This will be a looong post – I’m warning you 😀
Today I want to tell you about my experience translating a novel versus writing it from scratch in a foreign language.
But in order to do that, I think I need to explain how it all started, and why I decided to switch to writing my stories in English.
I’ve been a storyteller my whole life. I can’t remember much of my childhood before the age of four, but I remember that I was afraid of the darkness, and almost every night I lay in bed, hiding under the blanket and shivering, convinced there were monsters all around me. To soothe myself, I started telling myself stories. They helped me dive into parallel worlds where no one could hurt me. At one point, it became such a habit I couldn’t fall asleep without these stories and even started looking forward to the time when I could reconnect with my characters and their worlds.
By the time I was five or six, I couldn’t hold it all inside any longer. I had to find a way to let those stories out. So I found my grandfather’s old typewriter and slowly started bringing those stories into the physical world.
A lot of things happened since then, and don’t worry – I’m not planning to tell you my whole life story in this blog post 😉
But all in all, I wasn’t even thinking about sharing my stories with other people before the age of twelve, and after that, even though I knew it was the one thing that brought me the most joy, I didn’t consider it being more than a hobby until I turned fifteen.
I think it was then, or maybe a year or two later, that I started thinking of publishing my stories.
But then came the inevitable question – how?
I came to the realization that I didn’t want to traditionally publish pretty soon after that. To be honest, I realized it as soon as I knew that self-publishing was an option. It may sound weird to someone – a lot of people assume that every author dreams of traditionally publishing their novels and only goes the self-publishing route because they’d failed to do it the other way. But that’s not true.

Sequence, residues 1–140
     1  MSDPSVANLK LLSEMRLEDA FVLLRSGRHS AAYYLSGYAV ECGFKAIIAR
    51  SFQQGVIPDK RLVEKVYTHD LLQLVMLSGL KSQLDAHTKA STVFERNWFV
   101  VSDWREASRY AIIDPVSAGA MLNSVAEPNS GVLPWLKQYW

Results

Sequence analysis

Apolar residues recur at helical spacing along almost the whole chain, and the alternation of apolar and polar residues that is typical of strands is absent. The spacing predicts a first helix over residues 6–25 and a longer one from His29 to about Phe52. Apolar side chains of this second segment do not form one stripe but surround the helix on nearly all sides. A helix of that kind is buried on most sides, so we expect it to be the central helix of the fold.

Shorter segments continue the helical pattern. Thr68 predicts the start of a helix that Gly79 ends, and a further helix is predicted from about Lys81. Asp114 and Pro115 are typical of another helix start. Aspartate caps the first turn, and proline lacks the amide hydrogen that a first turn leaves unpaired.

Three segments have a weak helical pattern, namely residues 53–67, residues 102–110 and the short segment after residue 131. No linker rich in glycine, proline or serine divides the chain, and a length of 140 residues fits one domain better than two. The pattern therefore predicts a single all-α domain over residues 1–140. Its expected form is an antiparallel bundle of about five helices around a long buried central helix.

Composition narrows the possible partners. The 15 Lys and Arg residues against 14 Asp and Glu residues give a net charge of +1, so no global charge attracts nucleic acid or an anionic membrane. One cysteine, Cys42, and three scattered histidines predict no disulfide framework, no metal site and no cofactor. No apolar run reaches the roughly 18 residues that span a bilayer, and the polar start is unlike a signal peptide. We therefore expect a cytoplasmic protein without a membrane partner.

I’m not totally against traditional publishing. Actually, I’m not against it at all. But there are a few good reasons I stopped considering it as an option a long time ago.
Again, I can write a whole blog post on those reasons, but I won’t do that. Some of those reasons are personal, and I don’t want to share them online – at least not now. But in short – when it comes to my stories, I like being in control of everything. What I write, how I write it, who my characters are, where and how they live, how they are named, how the book is titled, what is on the cover.
I never wrote for money, or fame, or to please other people. I do it because there’s a feeling deeply ingrained in me that I was born for this. I don’t know where it came from, or when it all started, but it’s a part of me; almost like the essence of my being.